In other words, we’ve rejected most ritual washings in our tradition partly because we’ve apparently eliminated cultic purity as a category separate from moral purity. All well and good, but theoretically we could still undergo these physical cleansings for moral transgressions, for example upon confessing to the bishop. The fact is, (a) ritual cleansing plays a very narrow role in our tradition; (b) an emphasis on physical cleanliness is barely at the periphery, and then only by metaphorical association with moral cleanliness; and when it comes to (c) ritually refraining from washing, there’s no obvious doctrinal reason why it’s not practiced, since other forms of self-denial play an important role.

    (Ashenburg actually discusses European hygiene separately from North American and suggests that it is leaps and bounds ahead of where it was in recent centuries.)

    I don’t disagree with the model you lay out for the natural man. I’m merely making up a definition for what purity commonly refers to in an attempt to better explicate its use as a metaphor for virtue (and, in our discourse, chastity in particular). The point is that, as they’re ordinarily used, “pure” and “natural” converge to some degree around the concept of “indigenous.” But in the model of the natural man we read in Mosiah, the two are at odds with each other.

  15. 15.

    Kisk, my reference to Judaism was not a thesis, nor was it as a source of true doctrine. Rather, it was to show that people had an interest in being physically and ritually clean long before those pesky Amurcans began making filthy people’s lives difficult in the twentieth century.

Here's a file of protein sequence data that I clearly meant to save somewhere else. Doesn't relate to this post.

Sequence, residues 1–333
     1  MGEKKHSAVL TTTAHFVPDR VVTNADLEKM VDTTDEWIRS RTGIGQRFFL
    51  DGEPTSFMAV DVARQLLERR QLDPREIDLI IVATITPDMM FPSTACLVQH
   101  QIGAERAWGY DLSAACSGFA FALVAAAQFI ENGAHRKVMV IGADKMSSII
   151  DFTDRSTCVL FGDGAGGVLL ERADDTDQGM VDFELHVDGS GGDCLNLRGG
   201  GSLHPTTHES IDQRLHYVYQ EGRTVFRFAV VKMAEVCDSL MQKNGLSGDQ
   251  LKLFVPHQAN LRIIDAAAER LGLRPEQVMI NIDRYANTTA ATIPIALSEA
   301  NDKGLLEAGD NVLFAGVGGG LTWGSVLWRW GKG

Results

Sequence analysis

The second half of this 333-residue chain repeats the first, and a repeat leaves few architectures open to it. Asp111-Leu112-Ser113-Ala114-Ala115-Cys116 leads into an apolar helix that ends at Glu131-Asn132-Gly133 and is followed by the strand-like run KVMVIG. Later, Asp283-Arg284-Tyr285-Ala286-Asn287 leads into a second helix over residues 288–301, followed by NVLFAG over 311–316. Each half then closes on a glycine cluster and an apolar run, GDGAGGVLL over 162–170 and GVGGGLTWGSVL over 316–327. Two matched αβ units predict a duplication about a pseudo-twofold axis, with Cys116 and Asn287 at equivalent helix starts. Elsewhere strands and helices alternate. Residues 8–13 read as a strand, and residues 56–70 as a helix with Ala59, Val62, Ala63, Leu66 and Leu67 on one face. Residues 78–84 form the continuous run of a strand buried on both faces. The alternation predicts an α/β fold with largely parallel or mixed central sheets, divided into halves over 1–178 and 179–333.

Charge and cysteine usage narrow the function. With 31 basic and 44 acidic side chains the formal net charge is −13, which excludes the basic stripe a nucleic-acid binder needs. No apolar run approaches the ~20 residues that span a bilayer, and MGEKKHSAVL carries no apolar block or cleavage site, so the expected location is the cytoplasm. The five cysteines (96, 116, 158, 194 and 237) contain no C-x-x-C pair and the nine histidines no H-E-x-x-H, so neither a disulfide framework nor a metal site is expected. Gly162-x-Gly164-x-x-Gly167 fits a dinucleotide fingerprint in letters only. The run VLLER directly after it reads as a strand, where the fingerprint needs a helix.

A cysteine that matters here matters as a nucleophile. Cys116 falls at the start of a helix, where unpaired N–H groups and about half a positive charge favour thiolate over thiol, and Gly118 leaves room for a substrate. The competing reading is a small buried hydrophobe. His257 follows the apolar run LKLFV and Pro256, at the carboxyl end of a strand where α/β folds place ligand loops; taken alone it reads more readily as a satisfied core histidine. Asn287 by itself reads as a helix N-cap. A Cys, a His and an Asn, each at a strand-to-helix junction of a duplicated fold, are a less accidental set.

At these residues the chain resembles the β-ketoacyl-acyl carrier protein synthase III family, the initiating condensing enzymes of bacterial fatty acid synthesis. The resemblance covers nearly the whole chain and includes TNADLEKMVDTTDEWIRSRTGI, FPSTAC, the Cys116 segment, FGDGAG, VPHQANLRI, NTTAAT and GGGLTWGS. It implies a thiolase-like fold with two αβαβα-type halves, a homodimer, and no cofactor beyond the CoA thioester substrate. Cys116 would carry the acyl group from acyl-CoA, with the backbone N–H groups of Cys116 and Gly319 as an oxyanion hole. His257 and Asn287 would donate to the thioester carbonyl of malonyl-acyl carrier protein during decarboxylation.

16. 16.

    (in response to the assertion that cleanliness developed in the twentieth century)

  17. 17.

    I agree with John, the Natural man as described in the BofM is not our indigenous state. The Natural Man is the post contaminated, or fallen, man. It is not pure because it is already filthy.

  18. 18.

    I would say, doctrinally, we are not pure, under the definition taken as normative here, as the natural man because the natural man is not the intended “thing” that we are supposed to be. So no part of our true selves is indigenous to the natural man.

  19. 19.

    people had an interest in being physically and ritually clean long before those pesky Amurcans began making filthy people’s lives difficult in the twentieth century.

    Heh–undoubtedly. :) Those Roman baths and their High Medieval counterparts surely washed away some of the grime!

    In other words, living in the world it’s “natural” for dirt to adhere to us, and what we otherwise would be (our “pure” selves) is polluted by our interaction with the environment. Spiritual purification, rather than being “unnatural,” restores us to an even more “natural” state–a natural state that preceded our current natural state. Or maybe purity is a state that’s never been actualized in us mortals but exists in us as an ideal, so is nevertheless in some way a “pure” part of us.